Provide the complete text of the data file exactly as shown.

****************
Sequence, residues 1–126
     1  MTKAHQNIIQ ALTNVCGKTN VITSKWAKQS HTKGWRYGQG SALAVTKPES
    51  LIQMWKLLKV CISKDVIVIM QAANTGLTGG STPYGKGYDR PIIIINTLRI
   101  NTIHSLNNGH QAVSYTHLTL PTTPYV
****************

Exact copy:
Sequence, residues 1–126
     1  MTKAHQNIIQ ALTNVCGKTN VITSKWAKQS HTKGWRYGQG SALAVTKPES
    51  LIQMWKLLKV CISKDVIVIM QAANTGLTGG STPYGKGYDR PIIIINTLRI
   101  NTIHSLNNGH QAVSYTHLTL PTTPYV